In a virtual address Wednesday to the convention’s Asian American and Pacific Islander Caucus, Harris said she would deliver her speech “knowing that I stand on the shoulders of so many people who are on this call and those who came before us.”

The daughter of Jamaican and Indian immigrants, Harris has shone in key moments before.

She was lauded for drawing a crowd of 20,000 to the announcement of the start of her presidential campaign in Oakland last year. Her subsequent tough questioning of two Trump nominees, Brett Kavanaugh for Supreme Court justice and Bill Barr for attorney general, during Senate confirmation proceedings was a similar high point, as was her broadsiding Biden during a debate over his opposition to busing in the 1970s to integrate public schools.

But Harris also launched her presidential bid with expectations that she would electrify the field, only to see her campaign struggle to find a consistent message and fizzle — with the California senator dropping out months before the first votes were cast.

Convention addresses are often the most important for those selected as vice presidential candidates but are also only the start of a far bigger role in public political consciousness, should their ticket win. There’s potentially even deeper repercussions for Harris, though, since she could be called upon to step into the role of party standard-bearer as soon as 2024, should Biden — who will be 81 by then — opt not to seek a second term.

Biden hasn’t expressly said he’d serve just a single term, but he has talked openly about being a bridge to a new generation — setting up Harris as a natural successor.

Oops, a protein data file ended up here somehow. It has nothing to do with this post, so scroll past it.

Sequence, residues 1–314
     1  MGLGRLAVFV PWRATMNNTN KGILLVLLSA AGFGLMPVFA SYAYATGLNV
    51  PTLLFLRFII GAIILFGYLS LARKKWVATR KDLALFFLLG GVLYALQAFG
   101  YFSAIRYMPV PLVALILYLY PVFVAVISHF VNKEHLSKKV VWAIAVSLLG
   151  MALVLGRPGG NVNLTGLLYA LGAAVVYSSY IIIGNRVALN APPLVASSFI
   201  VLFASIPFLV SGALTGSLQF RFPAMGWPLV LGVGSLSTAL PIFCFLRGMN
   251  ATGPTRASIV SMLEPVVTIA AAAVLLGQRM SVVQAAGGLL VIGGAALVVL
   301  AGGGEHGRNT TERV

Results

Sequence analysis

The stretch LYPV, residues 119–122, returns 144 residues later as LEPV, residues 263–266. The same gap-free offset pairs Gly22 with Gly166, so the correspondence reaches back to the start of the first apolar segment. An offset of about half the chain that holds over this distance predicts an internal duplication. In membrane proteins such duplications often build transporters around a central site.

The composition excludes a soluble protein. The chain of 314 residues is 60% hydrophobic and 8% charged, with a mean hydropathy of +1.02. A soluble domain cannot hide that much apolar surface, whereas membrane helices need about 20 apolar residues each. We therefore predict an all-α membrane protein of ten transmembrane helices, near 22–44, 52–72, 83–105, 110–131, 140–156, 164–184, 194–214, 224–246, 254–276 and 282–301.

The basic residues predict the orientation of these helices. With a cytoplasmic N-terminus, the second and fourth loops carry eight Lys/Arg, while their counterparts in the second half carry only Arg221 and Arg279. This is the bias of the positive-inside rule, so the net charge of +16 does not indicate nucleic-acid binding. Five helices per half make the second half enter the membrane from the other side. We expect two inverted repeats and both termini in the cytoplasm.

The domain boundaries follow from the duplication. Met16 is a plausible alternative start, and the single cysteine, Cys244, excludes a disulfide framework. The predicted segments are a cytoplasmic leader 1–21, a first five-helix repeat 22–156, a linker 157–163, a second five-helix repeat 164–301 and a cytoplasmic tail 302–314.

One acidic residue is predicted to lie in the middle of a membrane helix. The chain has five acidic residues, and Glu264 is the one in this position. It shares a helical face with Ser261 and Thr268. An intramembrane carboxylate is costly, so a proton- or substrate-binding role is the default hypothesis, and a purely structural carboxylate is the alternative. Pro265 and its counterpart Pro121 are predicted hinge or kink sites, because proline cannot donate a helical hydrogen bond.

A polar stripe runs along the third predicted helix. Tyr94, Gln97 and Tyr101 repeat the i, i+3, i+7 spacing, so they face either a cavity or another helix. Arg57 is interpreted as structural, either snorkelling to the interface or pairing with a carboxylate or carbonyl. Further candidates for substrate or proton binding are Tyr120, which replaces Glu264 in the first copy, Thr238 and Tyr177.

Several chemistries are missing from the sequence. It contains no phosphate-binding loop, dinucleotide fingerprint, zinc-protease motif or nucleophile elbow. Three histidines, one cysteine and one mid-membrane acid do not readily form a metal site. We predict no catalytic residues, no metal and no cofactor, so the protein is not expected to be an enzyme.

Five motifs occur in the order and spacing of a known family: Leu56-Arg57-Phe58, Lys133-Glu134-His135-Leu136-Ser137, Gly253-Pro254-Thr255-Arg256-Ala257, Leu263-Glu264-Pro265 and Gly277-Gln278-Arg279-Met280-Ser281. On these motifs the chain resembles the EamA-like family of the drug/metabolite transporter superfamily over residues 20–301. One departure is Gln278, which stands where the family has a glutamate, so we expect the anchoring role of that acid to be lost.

Adrianne Shropshire, executive director of BlackPAC, which works to mobilize African American voters nationally, said Harris will necessarily stay focused on defeating Trump in November, not future presidential races. But she said her speech will likely carry special significance for women around the country that could resonate for years.

“The historic nature of this, I don’t think can be overstated,” Shropshire said. “It will be a really profound moment for women.”

The campaign is also deeply personal for Harris. During her first appearance with Biden last week, she spoke of her friendship with the former vice president’s son Beau, who died of brain cancer in 2015. He and Harris became close while both were state attorneys general.

“He really was the best of us. And I would ask him, ‘Where’d you get that, where’d this come from?’ He’d always talk about his dad,” said Harris, her voice thick with emotion, during her first joint appearance with Biden last week at a high school gymnasium near his home in Delaware.

The former vice president said that relationship had made Harris ”an honorary Biden for quite some time.”


Source:Associated Press – WILL WEISSERT and ALEXANDRA JAFFE